Constitution

The Battle for the Supreme Court

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Overruled: The Long War for Control of the U.S. Supreme Court by Damon Root (Palgrave Macmillan, 2014), 274 pages. Every case that comes before the U.S. Supreme Court has its unique factual setting and contentious legal issues, but in a large percentage of them, the decision ultimately comes down to this: Should the Court defer to the legislative ... [click for more]

The Landmark Case That Destroyed Economic Liberty

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If the Supreme Court’s 1905 holding in Lochner v. New York is the widely reviled embodiment of the constitutional right to freedom of contract, then West Coast Hotel Co. v. Parrish is its celebrated antithesis. The New Deal era case has been identified with the beginning of a “Constitutional Revolution” that freed progressive social policy to march triumphantly onward. ... [click for more]

‘We the Prisoners’: The Demise of the Fourth Amendment

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“Our carceral state banishes American citizens to a gray wasteland far beyond the promises and protections the government grants its other citizens… When the doors finally close and one finds oneself facing banishment to the carceral state—the years, the walls, the rules, the guards, the inmates—reactions vary. Some experience an intense sickening feeling. Others, a strong desire ... [click for more]

It’s Not Just the Unborn Being Denied Rights Under the Constitution

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“The unborn person doesn’t have constitutional rights.”—Hillary Clinton, Meet the Press (April 3, 2016) When presidential candidate Hillary Clinton declares that unborn babies do not have constitutional rights, she’s not just spouting partisan rhetoric in the heated national debate over abortion. She’s providing us with a glimpse into an increasingly troubling mindset among government officials who ... [click for more]

Securing the Blessings of Liberty

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The Conscience of the Constitution: The Declaration of Independence and the Right to Liberty by Timothy Sandefur (Cato Institute, 2014), 200 pages. In his book The Conscience of the Constitution: The Declaration of Independence and the Right to Liberty, Timothy Sandefur, an attorney at the Pacific Legal Foundation and a Cato Institute adjunct scholar, argues that “the primacy ... [click for more]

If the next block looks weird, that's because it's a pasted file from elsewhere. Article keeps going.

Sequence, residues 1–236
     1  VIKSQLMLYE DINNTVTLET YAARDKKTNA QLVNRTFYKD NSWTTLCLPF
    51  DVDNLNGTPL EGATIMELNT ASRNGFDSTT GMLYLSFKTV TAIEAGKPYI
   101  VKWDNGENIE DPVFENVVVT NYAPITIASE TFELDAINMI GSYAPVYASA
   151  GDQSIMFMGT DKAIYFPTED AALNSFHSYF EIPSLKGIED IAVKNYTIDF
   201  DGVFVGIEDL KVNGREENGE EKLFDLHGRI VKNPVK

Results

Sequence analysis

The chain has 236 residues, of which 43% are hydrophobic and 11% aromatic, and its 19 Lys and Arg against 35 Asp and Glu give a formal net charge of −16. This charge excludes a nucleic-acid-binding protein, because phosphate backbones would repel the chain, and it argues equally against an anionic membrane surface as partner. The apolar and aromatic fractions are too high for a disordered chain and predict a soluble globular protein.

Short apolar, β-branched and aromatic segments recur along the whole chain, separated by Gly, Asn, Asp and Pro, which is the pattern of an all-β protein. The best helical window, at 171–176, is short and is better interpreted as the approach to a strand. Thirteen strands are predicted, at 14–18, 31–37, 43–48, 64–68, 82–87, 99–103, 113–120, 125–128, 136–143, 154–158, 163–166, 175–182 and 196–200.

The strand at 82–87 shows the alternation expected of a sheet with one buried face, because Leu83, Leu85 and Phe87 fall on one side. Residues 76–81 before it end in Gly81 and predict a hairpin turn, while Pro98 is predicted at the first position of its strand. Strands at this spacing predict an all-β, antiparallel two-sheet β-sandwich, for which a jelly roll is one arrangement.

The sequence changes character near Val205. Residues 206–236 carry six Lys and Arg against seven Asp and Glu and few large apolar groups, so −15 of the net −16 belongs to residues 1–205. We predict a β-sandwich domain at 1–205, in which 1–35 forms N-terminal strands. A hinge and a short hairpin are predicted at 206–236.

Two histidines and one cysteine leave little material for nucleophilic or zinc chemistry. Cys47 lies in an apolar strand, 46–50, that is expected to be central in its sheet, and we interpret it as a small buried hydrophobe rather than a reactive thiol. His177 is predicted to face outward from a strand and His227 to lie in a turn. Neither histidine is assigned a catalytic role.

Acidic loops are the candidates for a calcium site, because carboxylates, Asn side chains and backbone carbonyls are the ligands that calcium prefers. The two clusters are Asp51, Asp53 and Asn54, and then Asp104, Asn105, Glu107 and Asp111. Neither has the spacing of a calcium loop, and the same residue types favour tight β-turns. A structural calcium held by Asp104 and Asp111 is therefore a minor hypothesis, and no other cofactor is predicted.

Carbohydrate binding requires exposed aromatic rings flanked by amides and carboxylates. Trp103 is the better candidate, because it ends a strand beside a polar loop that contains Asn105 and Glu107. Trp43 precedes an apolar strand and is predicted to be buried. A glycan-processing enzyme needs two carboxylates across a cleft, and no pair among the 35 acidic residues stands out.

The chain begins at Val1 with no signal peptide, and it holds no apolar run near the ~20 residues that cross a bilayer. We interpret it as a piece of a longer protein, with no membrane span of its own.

The Resurgence of Lochner

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Rehabilitating Lochner: Defending Individual Rights against Progressive Reform by David E. Bernstein (University of Chicago Press, 2012), 208 pages. David Bernstein begins his short book, Rehabilitating Lochner, by noting that “Lochner is likely the most disreputable case in modern constitutional discourse.” If you want to raise eyebrows in legal circles, he says, simply embark on ... [click for more]

Supreme Demolition for the Raisin Racket

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The December 2013 Future of Freedom contained my article “A Supreme Rebuff for USDA’s Ruinous Raisin Regime.” The legal case surrounding that controversy kept percolating in the courts for another 18 months. The Obama administration won a big victory in federal appeals court last year before getting squashed by the Supreme Court this past June. The Supremes put an ... [click for more]

When the Supreme Court Stopped Economic Fascism in America

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There was a time when the Supreme Court of the United States defended and upheld the constitutional protections for economic liberty in America. This year marks the 80th anniversary of one of the Supreme Court’s finest hours, when it overturned Franklin Roosevelt’s agenda for economic fascism in the United States. The trend towards bigger and ever-more-intrusive government, unfortunately, was not ... [click for more]

The Supreme Court’s Dreadful Record on Freedom

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The Supreme Court heard oral arguments on the legality of the Affordable Care Act this past March. Several justices questioned whether a ruling against Obamacare would be “unconstitutionally coercive” to state governments that did not create health-care exchanges. The Supreme Court is sometimes hypersensitive about the authority of state governments when federalism issues are raised. But at the same ... [click for more]

Uniting Constitutional Protection for Economic and Social Liberties, Part 3: Can the Ninth Amendment Save Us?

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In part 2 of this series (December), I argued that unenumerated noneconomic rights such as those of parents or the right to marry are generally considered “fundamental rights” under the approach libertarian legal scholar Randy Barnett labels “Footnote Four-Plus.” That is, the rights of parents are nowhere enumerated in the Constitution including the Bill of Rights, but are nonetheless ... [click for more]

Uniting Constitutional Protection for Economic and Social Liberties, Part 2: The Great Depression and the Great Divide

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Part 1 | Part 2 | Part 3 In part 1, I traced the evolution of “substantive due process” jurisprudence under which the Supreme Court protected a variety of unenumerated rights, both economic and personal, through the Due Process Clause of the Fifth and Fourteenth Amendments. Many of the unenumerated rights that had been protected ... [click for more]
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